In the murky waters of the Mediterranean lie the ruins of Alexandria’s fabled lighthouse, a wonder of the ancient world destroyed by earthquakes in the Middle Ages. While mapped by archeologists, most of these 2,000 stone remnants will never be retrieved and reconstructed: the Pharos Lighthouse can only be inferred. But above the surface, the lighthouse is ubiquitous in the modern city, its image wholly imagined, with little resemblance to the stones at the bottom of the sea.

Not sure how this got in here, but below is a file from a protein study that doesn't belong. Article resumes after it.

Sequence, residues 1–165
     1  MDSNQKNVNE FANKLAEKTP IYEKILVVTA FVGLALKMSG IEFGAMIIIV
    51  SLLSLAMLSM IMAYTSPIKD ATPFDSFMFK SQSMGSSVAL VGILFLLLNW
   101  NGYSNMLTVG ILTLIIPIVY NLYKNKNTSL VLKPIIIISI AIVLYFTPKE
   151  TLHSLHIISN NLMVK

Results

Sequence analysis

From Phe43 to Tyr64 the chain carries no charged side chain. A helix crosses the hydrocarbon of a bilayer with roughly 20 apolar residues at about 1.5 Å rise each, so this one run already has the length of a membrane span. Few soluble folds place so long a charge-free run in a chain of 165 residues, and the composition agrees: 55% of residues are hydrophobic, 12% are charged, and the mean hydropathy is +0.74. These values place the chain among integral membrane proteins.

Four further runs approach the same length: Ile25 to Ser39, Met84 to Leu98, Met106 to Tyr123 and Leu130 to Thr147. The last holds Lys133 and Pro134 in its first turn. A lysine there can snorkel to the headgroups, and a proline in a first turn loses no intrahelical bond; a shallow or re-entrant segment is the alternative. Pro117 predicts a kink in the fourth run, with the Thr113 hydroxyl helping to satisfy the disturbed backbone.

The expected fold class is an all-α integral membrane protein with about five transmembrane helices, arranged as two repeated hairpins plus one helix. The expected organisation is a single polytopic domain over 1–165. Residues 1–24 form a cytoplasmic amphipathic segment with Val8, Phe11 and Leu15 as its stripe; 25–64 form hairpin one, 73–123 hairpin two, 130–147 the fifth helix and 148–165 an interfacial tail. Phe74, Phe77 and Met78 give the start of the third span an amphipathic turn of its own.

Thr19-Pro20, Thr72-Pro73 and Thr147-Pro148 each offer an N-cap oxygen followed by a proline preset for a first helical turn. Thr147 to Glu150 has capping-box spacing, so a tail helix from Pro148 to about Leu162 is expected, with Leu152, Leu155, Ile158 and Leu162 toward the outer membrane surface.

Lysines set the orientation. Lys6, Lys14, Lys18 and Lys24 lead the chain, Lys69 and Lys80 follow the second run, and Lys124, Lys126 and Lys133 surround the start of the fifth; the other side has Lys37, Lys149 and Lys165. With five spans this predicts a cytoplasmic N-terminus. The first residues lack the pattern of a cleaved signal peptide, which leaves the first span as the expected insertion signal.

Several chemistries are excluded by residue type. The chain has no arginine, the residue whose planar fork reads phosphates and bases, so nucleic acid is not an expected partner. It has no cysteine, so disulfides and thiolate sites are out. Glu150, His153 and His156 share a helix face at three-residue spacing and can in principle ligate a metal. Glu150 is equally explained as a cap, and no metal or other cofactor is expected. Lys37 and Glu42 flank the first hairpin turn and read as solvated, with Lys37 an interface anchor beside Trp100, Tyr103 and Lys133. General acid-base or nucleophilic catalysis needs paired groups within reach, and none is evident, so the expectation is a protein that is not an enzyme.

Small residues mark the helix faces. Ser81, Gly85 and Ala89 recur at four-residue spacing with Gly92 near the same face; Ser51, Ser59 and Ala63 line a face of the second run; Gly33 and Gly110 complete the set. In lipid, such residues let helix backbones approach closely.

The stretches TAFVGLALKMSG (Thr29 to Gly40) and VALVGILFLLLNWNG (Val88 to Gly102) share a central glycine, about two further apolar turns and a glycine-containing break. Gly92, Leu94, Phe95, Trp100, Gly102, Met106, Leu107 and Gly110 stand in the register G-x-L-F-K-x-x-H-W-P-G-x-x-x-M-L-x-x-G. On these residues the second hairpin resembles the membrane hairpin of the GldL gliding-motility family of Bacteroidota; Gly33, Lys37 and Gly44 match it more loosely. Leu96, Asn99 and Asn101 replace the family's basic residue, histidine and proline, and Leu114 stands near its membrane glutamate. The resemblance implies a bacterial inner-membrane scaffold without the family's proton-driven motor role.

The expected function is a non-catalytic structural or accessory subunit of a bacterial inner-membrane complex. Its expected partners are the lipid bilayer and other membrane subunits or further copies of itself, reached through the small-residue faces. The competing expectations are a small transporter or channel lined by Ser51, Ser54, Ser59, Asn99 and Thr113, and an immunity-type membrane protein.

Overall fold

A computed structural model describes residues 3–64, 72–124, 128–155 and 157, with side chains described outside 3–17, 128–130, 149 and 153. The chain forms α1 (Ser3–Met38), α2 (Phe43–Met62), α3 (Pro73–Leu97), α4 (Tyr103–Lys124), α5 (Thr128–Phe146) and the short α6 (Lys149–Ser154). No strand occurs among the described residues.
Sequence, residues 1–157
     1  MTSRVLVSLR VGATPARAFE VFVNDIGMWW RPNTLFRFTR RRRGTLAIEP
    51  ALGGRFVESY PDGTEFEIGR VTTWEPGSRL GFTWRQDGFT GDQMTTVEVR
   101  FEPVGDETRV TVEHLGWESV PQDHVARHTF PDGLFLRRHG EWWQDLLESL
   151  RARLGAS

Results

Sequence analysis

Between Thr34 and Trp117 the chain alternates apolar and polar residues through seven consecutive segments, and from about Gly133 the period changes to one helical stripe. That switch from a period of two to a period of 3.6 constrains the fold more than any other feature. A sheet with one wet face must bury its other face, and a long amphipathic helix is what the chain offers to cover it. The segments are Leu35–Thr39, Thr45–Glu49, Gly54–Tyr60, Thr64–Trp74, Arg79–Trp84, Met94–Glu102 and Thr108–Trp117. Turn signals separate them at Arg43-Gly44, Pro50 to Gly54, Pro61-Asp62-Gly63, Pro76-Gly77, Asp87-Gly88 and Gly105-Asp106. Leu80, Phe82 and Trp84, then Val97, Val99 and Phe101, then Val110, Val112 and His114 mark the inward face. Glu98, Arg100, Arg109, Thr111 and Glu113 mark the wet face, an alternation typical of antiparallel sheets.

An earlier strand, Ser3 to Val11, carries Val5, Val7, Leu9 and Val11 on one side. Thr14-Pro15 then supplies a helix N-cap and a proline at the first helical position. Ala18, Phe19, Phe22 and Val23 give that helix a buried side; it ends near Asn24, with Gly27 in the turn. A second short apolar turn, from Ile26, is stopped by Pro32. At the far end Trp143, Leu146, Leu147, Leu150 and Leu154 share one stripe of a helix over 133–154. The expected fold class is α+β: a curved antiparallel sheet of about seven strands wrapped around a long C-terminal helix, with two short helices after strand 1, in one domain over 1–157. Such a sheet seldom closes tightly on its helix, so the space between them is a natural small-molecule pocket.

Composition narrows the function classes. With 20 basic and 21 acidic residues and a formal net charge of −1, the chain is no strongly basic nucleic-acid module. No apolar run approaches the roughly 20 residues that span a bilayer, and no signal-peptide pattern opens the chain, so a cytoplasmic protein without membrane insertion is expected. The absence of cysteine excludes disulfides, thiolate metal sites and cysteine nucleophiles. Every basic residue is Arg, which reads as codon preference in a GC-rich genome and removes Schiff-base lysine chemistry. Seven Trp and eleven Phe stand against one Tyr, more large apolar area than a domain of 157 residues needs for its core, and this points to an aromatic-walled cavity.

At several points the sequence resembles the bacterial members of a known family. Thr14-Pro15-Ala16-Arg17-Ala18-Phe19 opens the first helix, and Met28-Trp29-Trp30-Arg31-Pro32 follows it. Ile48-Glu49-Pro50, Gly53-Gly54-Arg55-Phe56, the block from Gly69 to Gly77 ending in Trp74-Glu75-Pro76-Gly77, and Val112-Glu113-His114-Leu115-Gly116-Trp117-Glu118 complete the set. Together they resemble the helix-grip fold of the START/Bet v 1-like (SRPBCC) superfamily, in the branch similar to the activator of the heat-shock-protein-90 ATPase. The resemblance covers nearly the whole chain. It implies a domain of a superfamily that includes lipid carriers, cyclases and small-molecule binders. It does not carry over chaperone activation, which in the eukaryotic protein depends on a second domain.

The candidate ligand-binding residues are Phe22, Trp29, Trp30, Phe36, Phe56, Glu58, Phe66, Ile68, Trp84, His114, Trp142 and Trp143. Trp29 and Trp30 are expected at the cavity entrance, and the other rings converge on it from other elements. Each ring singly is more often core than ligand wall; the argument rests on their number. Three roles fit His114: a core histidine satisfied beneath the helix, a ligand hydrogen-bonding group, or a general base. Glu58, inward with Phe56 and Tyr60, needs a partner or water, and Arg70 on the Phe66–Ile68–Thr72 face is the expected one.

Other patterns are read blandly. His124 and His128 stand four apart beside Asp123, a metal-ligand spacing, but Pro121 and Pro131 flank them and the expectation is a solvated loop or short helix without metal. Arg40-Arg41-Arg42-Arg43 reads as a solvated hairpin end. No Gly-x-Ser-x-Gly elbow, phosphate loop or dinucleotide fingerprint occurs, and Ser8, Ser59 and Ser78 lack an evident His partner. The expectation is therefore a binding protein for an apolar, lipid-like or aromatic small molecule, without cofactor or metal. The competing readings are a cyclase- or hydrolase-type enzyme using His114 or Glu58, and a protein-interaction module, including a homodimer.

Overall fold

In a richly braided, intimately told narrative of text and image, New York–born artist and writer Ellie Ga (born 1976) takes the reader with her on dive boats and into the water, behind the walls of hidden museums, through city streets pasted with political graffiti, into the offices of archeologists and the homes of Alexandrians—just as Egypt is on the cusp of its first post-revolution election. Ga’s investigations into the lighthouse chart the charged spaces between the historical and mythological, between the translated and untranslatable, between the unearthing of memory, the circumscription of the past and the potential of the present. Ga’s subject is ostensibly the Pharos Lighthouse, but her own gorgeously constructed palimpsests reveal a multitude of possible truths: Square Octagon Circle becomes a prism through which to see the nature of the unknown.